As Newcastle Falcons prepare to host Harlequins on Saturday, Kingsley Hyland’s fascinating series of rugby reminiscences sees him looking back on 67 years of fixtures against the Londoners.
The visit of Harlequins to Kingston Park this weekend provides an opportunity to look back on some of the early matches played between the two clubs.
Quins did not become regular opponents until the establishment of national club competitions in the 1970s and 80s, and prior to 1979 the clubs had met only four times, between 1954 and 1963.
The first encounter between the clubs was on September 11, 1954, the opening day of the 1954/55 season, when Quins travelled north to play Gosforth at the old County Ground. They travelled in a style befitting their reputation, becoming the first club to fly to fulfil a domestic club fixture.
Quins represented top-class opposition, and reflected Gosforth’s determined post-war attempts to rise above the ranks of junior clubs by strengthening their fixture list.
A crowd of some 3,000 was attracted to witness a one-sided game, with Quins fielding four full internationals. They were both fitter and more skilful than their hosts, and the winning margin would have been greater had they not struggled to come to terms with a number of new laws resulting in them conceding 18 penalties, three of which accounted for Gosforth’s points.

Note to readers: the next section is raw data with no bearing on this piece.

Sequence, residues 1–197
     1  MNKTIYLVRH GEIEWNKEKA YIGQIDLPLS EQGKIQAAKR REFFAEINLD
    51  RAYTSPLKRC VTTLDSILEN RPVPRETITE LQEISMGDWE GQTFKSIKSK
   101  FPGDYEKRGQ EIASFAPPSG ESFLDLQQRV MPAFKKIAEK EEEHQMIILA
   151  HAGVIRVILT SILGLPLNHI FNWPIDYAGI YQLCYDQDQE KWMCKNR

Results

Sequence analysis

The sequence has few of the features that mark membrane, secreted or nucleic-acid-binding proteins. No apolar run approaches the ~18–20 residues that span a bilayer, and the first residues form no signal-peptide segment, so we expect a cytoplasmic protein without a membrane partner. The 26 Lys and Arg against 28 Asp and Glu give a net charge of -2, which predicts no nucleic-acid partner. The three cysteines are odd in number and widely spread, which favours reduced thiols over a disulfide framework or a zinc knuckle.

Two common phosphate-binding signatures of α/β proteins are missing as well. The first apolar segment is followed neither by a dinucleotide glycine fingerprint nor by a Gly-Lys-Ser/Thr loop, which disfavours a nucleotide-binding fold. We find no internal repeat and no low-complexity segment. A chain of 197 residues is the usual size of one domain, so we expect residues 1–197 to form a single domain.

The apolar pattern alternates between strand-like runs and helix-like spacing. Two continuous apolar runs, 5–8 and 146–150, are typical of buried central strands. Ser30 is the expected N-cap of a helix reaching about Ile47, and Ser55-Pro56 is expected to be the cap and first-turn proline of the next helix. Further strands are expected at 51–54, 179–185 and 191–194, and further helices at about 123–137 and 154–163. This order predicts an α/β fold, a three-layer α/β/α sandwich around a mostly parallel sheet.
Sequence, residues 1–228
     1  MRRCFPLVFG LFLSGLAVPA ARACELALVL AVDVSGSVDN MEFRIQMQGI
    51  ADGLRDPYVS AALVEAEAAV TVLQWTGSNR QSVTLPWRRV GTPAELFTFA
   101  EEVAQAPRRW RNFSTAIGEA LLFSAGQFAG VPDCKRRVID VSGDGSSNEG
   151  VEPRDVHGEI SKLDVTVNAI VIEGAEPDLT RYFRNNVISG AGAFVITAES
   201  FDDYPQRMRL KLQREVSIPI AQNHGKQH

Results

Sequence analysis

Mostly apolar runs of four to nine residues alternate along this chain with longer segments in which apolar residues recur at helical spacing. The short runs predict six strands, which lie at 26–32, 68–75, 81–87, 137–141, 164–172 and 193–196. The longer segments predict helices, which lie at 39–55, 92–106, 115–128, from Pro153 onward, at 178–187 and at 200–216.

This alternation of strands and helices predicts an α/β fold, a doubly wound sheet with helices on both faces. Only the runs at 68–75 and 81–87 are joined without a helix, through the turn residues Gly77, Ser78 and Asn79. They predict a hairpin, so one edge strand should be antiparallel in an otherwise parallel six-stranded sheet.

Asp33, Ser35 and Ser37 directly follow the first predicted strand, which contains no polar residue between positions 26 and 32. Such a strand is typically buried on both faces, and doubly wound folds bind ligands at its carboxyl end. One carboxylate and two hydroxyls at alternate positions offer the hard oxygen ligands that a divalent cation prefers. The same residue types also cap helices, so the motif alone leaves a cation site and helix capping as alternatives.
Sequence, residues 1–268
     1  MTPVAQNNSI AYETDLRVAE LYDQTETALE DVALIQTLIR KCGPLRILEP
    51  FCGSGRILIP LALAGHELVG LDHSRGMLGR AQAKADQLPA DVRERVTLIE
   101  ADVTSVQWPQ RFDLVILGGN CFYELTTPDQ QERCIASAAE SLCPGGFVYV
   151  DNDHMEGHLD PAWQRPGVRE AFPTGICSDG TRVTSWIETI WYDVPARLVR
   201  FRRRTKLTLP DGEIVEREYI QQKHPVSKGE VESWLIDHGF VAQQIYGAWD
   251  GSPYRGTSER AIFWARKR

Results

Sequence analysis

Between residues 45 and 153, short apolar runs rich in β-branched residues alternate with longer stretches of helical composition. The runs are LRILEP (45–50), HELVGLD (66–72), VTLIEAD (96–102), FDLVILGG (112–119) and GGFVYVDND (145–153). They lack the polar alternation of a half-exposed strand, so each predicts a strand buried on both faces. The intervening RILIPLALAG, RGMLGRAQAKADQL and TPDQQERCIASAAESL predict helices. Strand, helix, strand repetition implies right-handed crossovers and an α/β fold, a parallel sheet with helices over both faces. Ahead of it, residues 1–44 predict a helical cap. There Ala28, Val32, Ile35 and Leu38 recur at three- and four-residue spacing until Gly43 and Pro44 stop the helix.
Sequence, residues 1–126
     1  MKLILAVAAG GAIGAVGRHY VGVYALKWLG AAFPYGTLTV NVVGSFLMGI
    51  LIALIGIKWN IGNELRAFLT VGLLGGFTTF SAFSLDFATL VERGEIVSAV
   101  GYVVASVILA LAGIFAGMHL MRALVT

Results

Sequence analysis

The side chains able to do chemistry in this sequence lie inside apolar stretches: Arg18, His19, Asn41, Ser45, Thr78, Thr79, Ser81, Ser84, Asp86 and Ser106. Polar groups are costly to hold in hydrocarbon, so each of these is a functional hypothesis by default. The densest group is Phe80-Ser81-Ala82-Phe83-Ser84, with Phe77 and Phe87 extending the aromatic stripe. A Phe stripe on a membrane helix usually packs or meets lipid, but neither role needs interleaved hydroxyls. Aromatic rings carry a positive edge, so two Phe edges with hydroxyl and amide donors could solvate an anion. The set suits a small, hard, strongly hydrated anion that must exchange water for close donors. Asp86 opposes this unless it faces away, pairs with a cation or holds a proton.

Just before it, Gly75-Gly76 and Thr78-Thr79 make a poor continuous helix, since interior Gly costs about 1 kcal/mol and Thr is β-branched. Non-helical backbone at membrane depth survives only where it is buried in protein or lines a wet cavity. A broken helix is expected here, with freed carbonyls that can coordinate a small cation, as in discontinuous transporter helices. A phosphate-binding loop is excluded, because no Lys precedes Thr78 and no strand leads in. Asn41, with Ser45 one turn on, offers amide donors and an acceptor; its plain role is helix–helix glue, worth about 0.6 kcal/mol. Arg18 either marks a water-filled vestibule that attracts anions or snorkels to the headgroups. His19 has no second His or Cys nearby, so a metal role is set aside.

Gosforth were hampered by the late withdrawal of centre Mike Pearey and the loss to injury early in the game of fellow centre Alan Thompson – this in the days of no replacements. In addition, their lethargy may in part have been attributed to the fact that they had recently returned from a three-match tour of Denmark.
Quins ran in six tries in all through Bartlett (2), Barker, Davies, Sanders and Abbott, whilst flanker Harrison, formerly of Old Novocastrians, kicked four conversions and three penalties.
The teams that day were as follows:
Gosforth: W.Charlton; K.D.Patten; A.J.Thompson; G.R.Alexander; D.Smith; E.W.Hoult; J.M.Smith; K.Richardson; D.D.Serfontein; C.Howstan; A.Yeoman; M.I.H. Clements; R.Hollings.
Harlequins: M.T.Wilford; M.L.Grant; J.R.Terry; W.P.C.Davies; D.A.Barker; R.M.Bartlett; W.J.A.Leaver; R.M.Whyte; J.E.Maynier; D.L.Sanders; R.W.D.Marques; P.J.Stubbs; J.S.Abbott; R.I.Harrison; C.M.Yates.
The referee was Ted Brough (Northumberland).
Of that Gosforth side, Danie Serfontein was to become President of the RFU in 1992, but had been beaten to that honour by his team mate Pearey in 1990.
Pearey’s term of office coincided with the club’s move to Kingston Park in August of that year, and he performed the official opening, which is marked by a plaque close to the clubhouse entrance.